My Masters thesis research focused on finding ways to reduce the extreme water pollution produced by the textile industry, using local plant-based pigments to develop a non-toxic alternative textile dye range. The plant dyes explored were derived from fynbos and other indigenous plants. Making plant-based dye palettes takes time, another important ingredient, and an abundant resource worth slowing down for. And these dyes can easily compost and decompose, adding nutrients to your garden. Or be refreshed and reapplied in your own clothes or home interiors giving tired materials and spaces new life, and ultimately keeping them out of the landfill for longer! Plant-based pigments also provide endless opportunities for medicinal and anti-bacterial colour, unique hues, and even palettes that can be made from weeds, or food and floral waste while simultaneously supporting less harmful and direct alternatives to landfill and cleaner waterways.

There are so many ways in which working with natural colour can connect us deeply to people, place, and the planet. I think learning about how we form our materials and textiles can help us to form better textile value chains in the long run.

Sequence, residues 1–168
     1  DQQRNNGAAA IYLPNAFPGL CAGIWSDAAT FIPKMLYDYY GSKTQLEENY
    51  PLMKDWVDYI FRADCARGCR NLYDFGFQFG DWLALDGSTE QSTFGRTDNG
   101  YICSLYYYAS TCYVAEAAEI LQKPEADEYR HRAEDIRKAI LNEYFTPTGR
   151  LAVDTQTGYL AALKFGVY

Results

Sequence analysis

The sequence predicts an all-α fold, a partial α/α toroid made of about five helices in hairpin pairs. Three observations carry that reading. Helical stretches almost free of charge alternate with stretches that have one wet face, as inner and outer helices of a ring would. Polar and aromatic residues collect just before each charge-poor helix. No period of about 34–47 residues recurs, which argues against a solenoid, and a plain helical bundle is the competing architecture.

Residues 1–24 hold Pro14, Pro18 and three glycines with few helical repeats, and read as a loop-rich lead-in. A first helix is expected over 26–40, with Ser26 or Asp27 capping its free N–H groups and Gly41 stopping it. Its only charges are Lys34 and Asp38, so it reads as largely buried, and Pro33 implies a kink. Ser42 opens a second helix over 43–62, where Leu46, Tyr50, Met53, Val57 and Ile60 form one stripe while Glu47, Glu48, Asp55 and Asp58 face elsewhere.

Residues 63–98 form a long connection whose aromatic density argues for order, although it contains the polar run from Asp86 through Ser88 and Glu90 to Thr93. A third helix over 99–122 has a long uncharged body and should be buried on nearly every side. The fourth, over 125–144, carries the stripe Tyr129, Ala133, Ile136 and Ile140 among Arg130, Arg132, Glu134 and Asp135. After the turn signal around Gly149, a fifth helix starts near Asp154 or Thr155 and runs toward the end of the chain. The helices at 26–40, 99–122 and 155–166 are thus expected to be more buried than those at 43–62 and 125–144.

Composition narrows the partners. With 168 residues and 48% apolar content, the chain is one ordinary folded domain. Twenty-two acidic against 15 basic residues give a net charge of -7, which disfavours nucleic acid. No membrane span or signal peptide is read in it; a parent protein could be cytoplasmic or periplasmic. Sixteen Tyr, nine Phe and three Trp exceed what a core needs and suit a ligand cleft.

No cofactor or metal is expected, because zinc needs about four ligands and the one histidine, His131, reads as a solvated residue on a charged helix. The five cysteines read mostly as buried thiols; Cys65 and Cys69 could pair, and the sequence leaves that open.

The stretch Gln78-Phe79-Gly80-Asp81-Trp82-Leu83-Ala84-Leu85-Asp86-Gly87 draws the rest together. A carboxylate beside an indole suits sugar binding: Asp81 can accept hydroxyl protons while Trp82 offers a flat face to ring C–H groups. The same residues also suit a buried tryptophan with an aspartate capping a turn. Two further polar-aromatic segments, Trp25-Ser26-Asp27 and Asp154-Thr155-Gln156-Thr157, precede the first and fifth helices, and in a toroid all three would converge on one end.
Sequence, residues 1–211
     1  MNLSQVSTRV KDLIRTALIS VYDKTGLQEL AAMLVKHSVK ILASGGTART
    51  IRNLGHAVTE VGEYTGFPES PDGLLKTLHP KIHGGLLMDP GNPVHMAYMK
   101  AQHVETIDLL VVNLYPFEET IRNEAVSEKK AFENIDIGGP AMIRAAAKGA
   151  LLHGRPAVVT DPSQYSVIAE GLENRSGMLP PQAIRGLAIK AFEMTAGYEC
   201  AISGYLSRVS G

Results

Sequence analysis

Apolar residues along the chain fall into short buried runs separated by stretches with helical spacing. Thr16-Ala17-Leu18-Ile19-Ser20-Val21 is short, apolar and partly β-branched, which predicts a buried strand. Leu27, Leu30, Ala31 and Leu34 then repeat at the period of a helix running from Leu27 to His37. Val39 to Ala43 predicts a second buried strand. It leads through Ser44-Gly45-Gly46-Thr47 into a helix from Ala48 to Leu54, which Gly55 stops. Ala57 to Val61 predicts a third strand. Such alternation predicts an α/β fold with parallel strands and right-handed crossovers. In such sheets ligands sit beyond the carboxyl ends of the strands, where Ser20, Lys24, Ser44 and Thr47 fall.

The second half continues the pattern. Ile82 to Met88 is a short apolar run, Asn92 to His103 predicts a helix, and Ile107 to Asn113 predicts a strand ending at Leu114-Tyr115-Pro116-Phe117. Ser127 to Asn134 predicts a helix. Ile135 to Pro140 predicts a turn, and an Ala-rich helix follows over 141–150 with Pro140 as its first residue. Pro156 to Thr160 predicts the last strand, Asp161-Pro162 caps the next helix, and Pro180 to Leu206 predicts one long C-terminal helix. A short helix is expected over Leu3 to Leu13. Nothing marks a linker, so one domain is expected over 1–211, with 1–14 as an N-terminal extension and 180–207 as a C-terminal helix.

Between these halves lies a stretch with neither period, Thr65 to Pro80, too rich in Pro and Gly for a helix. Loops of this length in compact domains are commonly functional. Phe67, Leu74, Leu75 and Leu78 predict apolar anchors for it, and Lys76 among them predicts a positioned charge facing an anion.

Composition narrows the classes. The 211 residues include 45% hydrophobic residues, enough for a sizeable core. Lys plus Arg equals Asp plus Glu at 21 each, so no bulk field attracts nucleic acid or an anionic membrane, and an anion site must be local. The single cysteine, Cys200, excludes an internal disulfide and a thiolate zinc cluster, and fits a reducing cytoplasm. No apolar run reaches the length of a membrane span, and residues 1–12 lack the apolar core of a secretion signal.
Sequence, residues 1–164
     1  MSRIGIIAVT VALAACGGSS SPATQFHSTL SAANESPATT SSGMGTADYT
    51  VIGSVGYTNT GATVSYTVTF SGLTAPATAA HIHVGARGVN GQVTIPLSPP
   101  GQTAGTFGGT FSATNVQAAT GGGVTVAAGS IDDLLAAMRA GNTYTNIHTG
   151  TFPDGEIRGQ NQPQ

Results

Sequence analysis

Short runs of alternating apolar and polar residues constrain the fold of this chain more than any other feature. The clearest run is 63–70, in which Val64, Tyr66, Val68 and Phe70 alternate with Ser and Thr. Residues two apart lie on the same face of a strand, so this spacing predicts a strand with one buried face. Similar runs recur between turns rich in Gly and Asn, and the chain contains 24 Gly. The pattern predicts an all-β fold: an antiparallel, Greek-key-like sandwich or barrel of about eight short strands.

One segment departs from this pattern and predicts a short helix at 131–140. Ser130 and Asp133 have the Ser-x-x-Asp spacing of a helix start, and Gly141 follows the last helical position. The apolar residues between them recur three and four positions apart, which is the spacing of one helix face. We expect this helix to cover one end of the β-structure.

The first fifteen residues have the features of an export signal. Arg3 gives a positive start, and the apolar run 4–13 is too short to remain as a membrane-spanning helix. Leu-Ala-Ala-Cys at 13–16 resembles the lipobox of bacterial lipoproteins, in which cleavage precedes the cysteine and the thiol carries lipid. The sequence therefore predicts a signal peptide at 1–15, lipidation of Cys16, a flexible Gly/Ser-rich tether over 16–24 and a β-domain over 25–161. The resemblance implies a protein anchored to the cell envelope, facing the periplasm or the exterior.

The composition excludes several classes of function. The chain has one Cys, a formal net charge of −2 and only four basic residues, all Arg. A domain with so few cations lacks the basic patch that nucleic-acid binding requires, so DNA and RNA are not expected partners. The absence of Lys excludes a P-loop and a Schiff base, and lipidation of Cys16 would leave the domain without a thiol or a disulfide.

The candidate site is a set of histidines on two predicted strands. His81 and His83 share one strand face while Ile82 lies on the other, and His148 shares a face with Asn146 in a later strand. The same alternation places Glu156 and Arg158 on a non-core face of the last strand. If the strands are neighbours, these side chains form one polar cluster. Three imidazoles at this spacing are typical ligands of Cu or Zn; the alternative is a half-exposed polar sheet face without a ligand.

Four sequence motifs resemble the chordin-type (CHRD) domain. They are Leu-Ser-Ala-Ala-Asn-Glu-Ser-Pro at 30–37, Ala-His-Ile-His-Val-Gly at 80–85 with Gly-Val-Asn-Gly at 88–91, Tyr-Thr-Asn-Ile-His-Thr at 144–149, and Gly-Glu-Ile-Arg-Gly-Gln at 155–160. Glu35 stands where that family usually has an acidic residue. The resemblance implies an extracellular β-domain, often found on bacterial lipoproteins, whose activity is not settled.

What is the significance of indigenous African weaving traditions and material dyeing methods in your work?

I think there is so much we can learn about sustainable and regenerative design solutions if we look closely into our indigenous textile cultures and traditions throughout Africa and in the rest of the world. These cloth-making communities carry a deep reservoir of expertise about self-sufficient processes and systems of production values that are quickly being forgotten.

One (of many) brilliant examples of designers using innovation through cultural preservation that comes to mind is, Bobby Kolade. He is a Nigerian-German designer who grew up in Uganda and used an ancient process of transforming fig bark into a vegan leather alternative. Bark cloth is the oldest textile known to mankind according to UNESCO’s Intangible Cultural Heritage list.

What we consider “valuable” is a question I often think about. It is creative and adaptive efforts, such as Kolade’s, that highlight the value of our stories and the importance of the reinterpretation of indigenous skills and insight to create sustainable textiles and innovative production systems that are rich in heritage, meaning, and lasting qualities for the future.